The first time James A. Owen sat on a particular bench on top of a hill in Ireland, he was sure he was living his dream. It was 1992 and Owen had sold almost everything he owned, kissed his wife of only four months goodbye, traveled 5,000 miles and, in a few minutes, he was going to walk down that hill to apply for an artist job at the Sullivan Bluth animation studio in Dublin.
He didn't have an appointment.
What he did have was what he thought was inside information. A friend told him that the studio had several unadvertised jobs open for someone with drawing skills to help make animated features like the studio's "All Dogs go to Heaven" or "An American Tail." As someone who sold his first self-published comic books at San Diego's Comic-Con in 1986 when he was 16, Owen was certain the studio would hire him on the spot.
The second time he sat on that cold bench was only a few hours later. The studio wasn't advertising its openings because it was shutting down. All the money in the world that 21-year-old Owen had was in his pocket — he had one Irish pound.
"I had realized I was staking my choices and my plans on other people's goals," Owen says. "I had gone to Ireland fairly starry eyed with the idea of contributing what I could to the goals of this studio. And then finding out it was not going to happen. ... But I already had goals of my own, I had those goals as a teenager and I had gradually moved away from the goals that were important to me."
So with the harsh reality of failure staring him in the face, Owen decided it was time to start his own comic book publishing company.
Now this type of story is either going to drive people crazy or inspire them. Either way, Owen's new book, "Drawing Out the Dragons" (Shadow Mountain, $19.99), is a great catalyst for new graduates or anybody needing to make important decisions in their lives. It is that rarest of self-help books — it is utterly unique, quirky and insightful. And even if some might find it puzzling, it makes people think.
Success and setbacks
Owen, a tall man who speaks with a soft voice and who has a penchant for wearing vests, has had many successes in his life. He has written and illustrated seven books in the bestselling series "The Chronicles of the Imaginarium Geographica" published by Simon and Schuster. He has had the book "Here, There Be Dragons" optioned for a movie. And he recently cut a deal to publish three inspirational books through Deseret Book's Shadow Mountain imprint ("Drawing Out the Dragons" is the first) and five other fantasy novels.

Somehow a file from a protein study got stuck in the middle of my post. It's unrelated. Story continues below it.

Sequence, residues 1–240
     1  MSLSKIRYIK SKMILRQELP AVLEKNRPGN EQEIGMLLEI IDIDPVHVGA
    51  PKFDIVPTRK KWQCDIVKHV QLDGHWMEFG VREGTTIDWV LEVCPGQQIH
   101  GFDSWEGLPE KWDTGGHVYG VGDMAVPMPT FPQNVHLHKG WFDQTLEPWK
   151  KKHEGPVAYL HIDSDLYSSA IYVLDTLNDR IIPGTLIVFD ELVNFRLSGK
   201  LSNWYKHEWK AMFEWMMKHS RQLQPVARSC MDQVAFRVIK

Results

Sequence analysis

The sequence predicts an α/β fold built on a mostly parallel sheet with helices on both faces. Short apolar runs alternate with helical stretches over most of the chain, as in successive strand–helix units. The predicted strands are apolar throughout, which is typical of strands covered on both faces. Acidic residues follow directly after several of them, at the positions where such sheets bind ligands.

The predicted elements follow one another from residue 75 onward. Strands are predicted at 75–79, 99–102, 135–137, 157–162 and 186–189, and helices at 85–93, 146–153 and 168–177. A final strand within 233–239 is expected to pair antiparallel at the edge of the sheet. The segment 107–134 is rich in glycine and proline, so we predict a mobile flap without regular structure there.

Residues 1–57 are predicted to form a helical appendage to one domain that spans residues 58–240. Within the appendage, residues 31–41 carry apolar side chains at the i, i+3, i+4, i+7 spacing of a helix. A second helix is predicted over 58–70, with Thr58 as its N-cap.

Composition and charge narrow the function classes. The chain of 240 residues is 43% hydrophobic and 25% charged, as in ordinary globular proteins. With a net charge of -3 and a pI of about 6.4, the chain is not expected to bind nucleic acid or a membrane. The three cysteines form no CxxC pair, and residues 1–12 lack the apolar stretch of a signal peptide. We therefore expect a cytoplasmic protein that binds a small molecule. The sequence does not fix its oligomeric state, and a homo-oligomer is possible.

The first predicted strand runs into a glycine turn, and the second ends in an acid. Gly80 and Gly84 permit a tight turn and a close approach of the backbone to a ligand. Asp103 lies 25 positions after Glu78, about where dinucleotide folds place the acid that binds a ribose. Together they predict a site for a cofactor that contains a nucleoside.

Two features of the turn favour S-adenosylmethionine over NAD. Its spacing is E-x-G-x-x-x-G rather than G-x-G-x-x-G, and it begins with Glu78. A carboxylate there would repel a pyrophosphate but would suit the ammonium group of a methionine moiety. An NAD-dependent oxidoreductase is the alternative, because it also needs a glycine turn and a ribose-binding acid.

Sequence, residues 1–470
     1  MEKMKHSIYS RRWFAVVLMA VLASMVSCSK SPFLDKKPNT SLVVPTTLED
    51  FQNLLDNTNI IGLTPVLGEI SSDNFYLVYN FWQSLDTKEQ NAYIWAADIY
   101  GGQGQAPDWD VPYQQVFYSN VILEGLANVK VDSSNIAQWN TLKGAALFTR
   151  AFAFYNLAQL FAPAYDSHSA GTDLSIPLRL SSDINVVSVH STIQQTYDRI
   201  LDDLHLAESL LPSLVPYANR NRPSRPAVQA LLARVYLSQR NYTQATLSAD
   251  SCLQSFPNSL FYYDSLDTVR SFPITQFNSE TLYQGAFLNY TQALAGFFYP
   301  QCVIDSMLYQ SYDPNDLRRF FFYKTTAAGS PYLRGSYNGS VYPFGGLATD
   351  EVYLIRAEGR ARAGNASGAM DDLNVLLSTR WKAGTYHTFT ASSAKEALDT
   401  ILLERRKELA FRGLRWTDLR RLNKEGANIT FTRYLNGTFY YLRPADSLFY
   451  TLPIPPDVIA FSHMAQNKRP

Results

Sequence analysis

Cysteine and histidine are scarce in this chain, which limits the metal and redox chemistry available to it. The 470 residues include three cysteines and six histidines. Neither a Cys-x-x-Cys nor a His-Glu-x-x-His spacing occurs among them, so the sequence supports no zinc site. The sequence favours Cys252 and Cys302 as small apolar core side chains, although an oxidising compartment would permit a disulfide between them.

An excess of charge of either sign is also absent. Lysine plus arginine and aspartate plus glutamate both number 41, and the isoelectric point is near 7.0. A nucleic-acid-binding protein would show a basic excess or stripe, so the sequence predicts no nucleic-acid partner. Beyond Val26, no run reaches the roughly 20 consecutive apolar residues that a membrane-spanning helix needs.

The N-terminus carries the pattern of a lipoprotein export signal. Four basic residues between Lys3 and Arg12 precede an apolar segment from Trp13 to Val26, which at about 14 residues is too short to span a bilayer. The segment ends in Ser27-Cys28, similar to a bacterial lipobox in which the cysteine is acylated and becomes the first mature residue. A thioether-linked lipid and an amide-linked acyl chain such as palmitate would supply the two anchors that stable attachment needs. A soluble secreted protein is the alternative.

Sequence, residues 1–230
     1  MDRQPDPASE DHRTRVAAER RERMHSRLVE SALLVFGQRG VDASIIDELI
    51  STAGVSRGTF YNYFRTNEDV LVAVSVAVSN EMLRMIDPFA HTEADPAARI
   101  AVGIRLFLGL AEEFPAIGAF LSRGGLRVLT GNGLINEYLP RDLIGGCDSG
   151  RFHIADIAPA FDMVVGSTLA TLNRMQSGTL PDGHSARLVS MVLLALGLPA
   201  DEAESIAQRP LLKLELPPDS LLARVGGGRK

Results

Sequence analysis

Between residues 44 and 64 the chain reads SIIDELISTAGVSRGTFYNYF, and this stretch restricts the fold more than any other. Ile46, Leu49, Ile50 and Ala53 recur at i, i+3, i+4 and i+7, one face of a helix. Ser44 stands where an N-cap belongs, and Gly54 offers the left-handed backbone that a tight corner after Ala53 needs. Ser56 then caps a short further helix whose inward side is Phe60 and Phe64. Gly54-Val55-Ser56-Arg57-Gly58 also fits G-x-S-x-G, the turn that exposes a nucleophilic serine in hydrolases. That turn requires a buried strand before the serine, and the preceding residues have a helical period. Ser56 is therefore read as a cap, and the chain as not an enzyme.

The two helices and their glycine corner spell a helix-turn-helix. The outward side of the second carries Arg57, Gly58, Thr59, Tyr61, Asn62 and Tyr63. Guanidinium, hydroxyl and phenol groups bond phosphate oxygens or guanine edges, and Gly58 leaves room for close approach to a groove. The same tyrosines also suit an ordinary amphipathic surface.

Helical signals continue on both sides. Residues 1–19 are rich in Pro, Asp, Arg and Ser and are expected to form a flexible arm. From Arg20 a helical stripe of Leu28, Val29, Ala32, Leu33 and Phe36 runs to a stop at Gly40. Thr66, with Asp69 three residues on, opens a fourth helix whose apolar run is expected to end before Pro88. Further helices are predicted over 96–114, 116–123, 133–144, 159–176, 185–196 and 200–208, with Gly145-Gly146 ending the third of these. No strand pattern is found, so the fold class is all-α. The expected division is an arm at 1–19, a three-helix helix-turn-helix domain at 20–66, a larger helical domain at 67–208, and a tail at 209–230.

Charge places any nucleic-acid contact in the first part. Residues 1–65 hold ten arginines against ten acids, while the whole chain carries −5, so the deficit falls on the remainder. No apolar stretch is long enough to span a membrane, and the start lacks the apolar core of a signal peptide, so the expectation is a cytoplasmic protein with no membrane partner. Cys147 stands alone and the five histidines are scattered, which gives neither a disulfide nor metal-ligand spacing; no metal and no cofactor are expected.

But, as he recounts in detail in this new book, he has had devastating setbacks as well. In addition to the Ireland incident, he almost died of a blood disease when he was 11, his drawing hand was crushed just as his comic book publishing company was taking off, and his studio and business almost were in foreclosure. He struggled for years and years before his "Here, There Be Dragons" books.
But this is not the way he thinks about things.
"Our lives are what we focus on," Owen says. "So you can either focus on what's gone wrong or you can focus on what's going right and make it better. That includes things that happen to us that aren't our fault. That includes choices we made that were our own mistakes. You can either dwell on those things and have them pull you down, or you can learn from them and learn to choose better."
Like many authors, Owen makes the rounds of schools, making presentations to students. Unlike most authors, he does not talk about his books or comics. Instead he tells students the stories he recounts in this book. He shows them the Superman book that helped him defeat his blood disease; he shows them his slightly crooked drawing hand; he holds up that Irish pound.
It would be easy for people to say he was foolish to risk everything on a non-existent job in Ireland or that drawing comics was just a hobby. Almost every story in Owen's book could be recast as a warning to people to be more practical and levelheaded. But the very fact that these stories could be recast that way proves his point. The way people look at their lives is a choice.
Owen repeats in the book his philosophy, "If you really want to do something, no one can stop you. But if you really don't want to do something, no one can help you."
Owen writes that he "grew up" on that bench in Dublin.
Later, after his hand was crushed, he said he would get well enough to write comics again. Everyone told him he was wrong.
He wasn't.Comment on this story
Ultimately, it won't matter very much to Owen if this book doesn’t sell well (although Shadow Mountain may feel differently). However well it does, Owen will make a decision to think about it in a way that helps him do better in the future. And, it will give him another story to tell to the kids in the schools.